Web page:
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Global economy reuses just 9% of material

A report launched at the World Economic Forum in Davos shows that global material use has approximately tripled since 1970, causing a widening ‘circularity gap’ that must be reversed.

Released at the annual meeting of world leaders at Davos, the Circularity Gap Report 2019 highlights the “vast scope” to increase efficiency by applying circular principles - reuse, re-manufacturing and recycling - to manufacturing and other sectors. 

Despite a greater emphasis on resource efficient business models in recent years, global resource extraction and materials use is actually increasing. Just nine per cent of the 92.8 billion tonnes of minerals, fossil fuels, metals and biomass that enter the global economy annually are currently being reused.  

The report establishes seven key elements of a circular economy:

  • Design for the future: Adopt a systemic perspective during the design process, to employ the right materials for appropriate lifetime and extended future use
  • Incorporate digital technology: Track and optimise resource use and strengthen connections between supply-chain actors through digital, online platforms and technologies
  • Sustain and preserve what’s already there: Maintain, repair and upgrade resources in use to maximise their lifetime and give them a second life through take-back strategies, where applicable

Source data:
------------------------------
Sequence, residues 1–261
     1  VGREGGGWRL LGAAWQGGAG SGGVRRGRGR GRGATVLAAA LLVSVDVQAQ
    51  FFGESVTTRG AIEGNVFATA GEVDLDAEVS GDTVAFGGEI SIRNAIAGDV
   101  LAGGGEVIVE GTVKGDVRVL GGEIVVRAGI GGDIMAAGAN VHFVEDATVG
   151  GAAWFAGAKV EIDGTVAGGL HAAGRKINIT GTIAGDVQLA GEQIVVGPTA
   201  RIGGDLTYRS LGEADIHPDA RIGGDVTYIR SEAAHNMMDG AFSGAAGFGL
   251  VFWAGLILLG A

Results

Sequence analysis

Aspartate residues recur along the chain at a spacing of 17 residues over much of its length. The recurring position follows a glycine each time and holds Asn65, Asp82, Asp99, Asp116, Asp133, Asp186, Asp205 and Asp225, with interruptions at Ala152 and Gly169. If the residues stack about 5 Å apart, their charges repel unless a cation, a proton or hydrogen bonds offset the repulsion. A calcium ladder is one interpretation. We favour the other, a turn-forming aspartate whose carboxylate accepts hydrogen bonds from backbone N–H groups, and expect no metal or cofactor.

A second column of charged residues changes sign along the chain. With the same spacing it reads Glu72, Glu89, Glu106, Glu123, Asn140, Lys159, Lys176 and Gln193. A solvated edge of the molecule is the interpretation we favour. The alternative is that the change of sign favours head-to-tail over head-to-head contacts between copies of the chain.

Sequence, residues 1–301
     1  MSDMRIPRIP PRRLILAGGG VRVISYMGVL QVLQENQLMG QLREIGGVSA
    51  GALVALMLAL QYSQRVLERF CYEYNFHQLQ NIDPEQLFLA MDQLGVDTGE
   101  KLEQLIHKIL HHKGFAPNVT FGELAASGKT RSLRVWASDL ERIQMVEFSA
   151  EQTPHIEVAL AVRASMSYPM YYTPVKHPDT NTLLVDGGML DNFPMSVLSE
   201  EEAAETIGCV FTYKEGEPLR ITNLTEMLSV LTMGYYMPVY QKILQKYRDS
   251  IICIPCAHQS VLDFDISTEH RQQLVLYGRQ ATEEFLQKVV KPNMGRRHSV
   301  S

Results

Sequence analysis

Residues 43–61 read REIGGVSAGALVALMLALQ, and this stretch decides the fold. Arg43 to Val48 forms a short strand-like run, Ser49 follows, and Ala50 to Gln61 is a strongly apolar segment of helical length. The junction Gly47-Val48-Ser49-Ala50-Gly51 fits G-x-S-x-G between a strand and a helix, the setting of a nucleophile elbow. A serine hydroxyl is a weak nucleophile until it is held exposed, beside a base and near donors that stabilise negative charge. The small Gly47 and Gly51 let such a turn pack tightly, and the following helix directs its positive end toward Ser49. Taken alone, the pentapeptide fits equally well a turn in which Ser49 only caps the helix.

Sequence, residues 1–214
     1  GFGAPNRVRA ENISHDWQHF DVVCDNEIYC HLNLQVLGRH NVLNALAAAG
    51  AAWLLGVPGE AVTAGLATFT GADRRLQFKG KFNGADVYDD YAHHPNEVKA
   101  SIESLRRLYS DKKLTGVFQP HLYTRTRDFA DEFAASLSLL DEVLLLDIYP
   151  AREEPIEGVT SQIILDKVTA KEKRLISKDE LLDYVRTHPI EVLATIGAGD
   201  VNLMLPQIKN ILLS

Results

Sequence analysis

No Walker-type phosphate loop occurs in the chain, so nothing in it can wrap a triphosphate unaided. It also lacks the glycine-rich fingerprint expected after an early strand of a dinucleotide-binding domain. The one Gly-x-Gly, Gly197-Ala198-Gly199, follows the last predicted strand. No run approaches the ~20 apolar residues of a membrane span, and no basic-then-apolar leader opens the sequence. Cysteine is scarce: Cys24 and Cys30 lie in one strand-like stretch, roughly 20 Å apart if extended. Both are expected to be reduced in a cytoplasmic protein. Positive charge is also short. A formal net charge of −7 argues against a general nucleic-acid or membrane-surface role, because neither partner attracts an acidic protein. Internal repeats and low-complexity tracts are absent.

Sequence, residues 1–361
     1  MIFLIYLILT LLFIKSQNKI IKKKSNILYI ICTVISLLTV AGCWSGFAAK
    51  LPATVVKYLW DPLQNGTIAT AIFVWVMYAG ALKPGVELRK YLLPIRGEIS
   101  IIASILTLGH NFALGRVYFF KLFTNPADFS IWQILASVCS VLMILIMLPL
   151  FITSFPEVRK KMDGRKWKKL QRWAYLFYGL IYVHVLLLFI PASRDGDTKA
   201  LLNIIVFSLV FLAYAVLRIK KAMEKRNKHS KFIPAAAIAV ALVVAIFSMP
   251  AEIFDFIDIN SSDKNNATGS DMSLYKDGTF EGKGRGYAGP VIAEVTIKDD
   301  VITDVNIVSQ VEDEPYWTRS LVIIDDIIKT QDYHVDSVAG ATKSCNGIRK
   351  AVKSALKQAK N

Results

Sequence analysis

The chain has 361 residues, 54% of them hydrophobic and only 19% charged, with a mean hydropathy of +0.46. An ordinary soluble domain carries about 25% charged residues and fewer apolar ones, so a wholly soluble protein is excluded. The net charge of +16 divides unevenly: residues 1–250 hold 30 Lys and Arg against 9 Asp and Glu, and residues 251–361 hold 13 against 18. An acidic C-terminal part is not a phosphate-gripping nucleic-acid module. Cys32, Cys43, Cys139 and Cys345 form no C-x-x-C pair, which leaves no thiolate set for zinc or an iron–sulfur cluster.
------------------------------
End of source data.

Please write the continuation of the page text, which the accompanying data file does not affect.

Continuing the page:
• Rethink the business model: Consider opportunities to create greater value and align incentives through business models that build on the interaction between products and services
  • Use waste as a resource: Utilise waste streams as a source of secondary resources and recover waste for reuse and recycling
  • Prioritise regenerative resources: Ensure renewable, reusable, non-toxic resources are utilised as materials and energy in an efficient way
  • Team up to create joint value: Work together throughout the supply chain, internally within organisations and with the public sector to increase transparency and create shared value.The report calls on governments to “wake up” to the potential of the circular economy by abolishing financial incentives which encourage overuse of natural resources, raising taxes on excessive waste production, and lowering taxes on labour to encourage labour-intensive parts of the circular economy such as take-back schemes and recycling. The UK is starting to action in these areas through the government’s recently-published Resources and Waste Strategy

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